Advanced Search
MyIDEAS: Login to save this paper or follow this series

California's School Finance Reform: An Experiment in Fiscal Federalism

Contents:

Author Info

  • Eric J. Brunner

    (Quinnipiac University and University of Connecticut)

  • Jon Sonstelie

    (University of California, Santa Barbara)

Abstract

The 1971 ruling of the California Supreme Court in the case of Serrano v. Priest initiated a chain of events that abruptly ended local financing of public schools in California. In seven short years, California transformed its school finance system from a decentralized one in which local communities chose how much to spend on their schools to a centralized one in which the state legislature determines the expenditures of every school district. This paper begins by describing California's school finance system before Serrano and the transformation from local to state finance. It then delineates some consequences of that transformation and draws lessons from California's experience with school finance reform.

Download Info

If you experience problems downloading a file, check if you have the proper application to view it first. In case of further problems read the IDEAS help page. Note that these files are not on the IDEAS site. Please be patient as the files may be large.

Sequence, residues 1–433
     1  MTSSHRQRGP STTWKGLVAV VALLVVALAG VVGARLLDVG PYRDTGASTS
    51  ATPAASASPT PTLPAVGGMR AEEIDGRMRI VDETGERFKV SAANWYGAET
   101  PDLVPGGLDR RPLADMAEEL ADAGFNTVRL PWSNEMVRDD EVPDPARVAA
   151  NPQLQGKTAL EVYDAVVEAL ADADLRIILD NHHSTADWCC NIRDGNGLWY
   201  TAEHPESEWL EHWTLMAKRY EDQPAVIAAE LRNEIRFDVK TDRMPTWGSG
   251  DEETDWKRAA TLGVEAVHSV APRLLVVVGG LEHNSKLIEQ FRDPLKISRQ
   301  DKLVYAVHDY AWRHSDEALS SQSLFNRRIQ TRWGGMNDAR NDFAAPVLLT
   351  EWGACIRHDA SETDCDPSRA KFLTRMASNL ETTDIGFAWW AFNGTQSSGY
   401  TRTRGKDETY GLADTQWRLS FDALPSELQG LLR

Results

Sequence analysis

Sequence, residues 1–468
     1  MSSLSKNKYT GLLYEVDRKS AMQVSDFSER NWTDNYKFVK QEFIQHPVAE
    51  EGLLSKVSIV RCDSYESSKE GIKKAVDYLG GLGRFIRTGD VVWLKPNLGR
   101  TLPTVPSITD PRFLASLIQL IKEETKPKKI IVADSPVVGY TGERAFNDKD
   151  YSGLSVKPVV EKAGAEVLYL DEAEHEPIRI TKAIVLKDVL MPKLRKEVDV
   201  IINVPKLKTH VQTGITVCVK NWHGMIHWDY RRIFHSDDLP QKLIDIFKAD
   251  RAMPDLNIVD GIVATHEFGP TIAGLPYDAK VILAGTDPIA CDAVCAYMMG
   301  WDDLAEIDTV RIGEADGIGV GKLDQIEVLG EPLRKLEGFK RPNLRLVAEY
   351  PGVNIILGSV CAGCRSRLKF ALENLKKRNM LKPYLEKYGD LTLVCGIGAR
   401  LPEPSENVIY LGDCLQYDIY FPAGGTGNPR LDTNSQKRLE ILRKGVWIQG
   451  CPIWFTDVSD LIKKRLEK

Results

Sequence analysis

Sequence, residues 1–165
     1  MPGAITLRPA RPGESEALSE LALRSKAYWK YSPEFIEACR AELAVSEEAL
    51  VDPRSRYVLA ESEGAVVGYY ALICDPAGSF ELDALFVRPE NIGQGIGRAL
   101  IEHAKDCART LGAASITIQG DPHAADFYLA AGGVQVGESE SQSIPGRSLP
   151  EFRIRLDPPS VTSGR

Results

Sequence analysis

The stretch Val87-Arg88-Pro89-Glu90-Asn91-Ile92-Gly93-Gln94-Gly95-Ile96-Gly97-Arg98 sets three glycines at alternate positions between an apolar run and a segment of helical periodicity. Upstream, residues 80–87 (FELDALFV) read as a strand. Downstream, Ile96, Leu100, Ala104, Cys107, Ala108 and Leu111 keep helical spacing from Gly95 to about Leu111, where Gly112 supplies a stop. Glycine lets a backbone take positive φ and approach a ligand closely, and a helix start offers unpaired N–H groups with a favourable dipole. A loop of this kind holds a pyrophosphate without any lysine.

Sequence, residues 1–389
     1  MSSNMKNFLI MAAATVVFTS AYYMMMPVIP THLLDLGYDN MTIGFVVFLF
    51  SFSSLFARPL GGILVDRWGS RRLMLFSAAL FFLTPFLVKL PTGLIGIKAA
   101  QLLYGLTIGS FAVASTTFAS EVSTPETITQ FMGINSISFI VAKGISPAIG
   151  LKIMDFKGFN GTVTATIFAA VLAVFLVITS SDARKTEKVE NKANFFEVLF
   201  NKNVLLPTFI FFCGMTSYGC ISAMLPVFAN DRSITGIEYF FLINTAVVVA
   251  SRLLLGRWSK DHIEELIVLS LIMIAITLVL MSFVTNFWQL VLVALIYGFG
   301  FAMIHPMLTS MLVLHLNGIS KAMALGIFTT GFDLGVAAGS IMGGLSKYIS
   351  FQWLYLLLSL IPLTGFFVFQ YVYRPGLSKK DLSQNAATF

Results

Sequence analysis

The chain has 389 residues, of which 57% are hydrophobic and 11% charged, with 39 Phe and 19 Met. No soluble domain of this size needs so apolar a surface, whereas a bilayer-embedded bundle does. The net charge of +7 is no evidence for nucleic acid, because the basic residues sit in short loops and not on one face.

File URL: http://web2.uconn.edu/economics/working/2006-09.pdf
File Function: Full text
Download Restriction: no

Bibliographic Info

Paper provided by University of Connecticut, Department of Economics in its series Working papers with number 2006-09.

as in new window
Length: 42 pages
Date of creation: Apr 2006
Date of revision:
Handle: RePEc:uct:uconnp:2006-09

Contact details of provider:
Postal: University of Connecticut 341 Mansfield Road, Unit 1063 Storrs, CT 06269-1063
Phone: (860) 486-4889
Fax: (860) 486-4463
Web page: http://www.econ.uconn.edu/
More information through EDIRC

Related research

Keywords: School Finance Reform; Centralization; Fiscal Federalism;

Find related papers by JEL classification:

This paper has been announced in the following NEP Reports:

References

References listed on IDEAS
Please report citation or reference errors to , or , if you are the registered author of the cited work, log in to your RePEc Author Service profile, click on "citations" and make appropriate adjustments.:
as in new window
  1. Raquel Fernandez & Richard Rogerson, 1995. "Education Finance Reform and Investment in Human Capital: Lessons from California," NBER Working Papers 5369, National Bureau of Economic Research, Inc.
  2. Fischel, William A., 1989. "Did Serrano Cause Proposition 13?," National Tax Journal, National Tax Association, vol. 42(4), pages 465-73, December.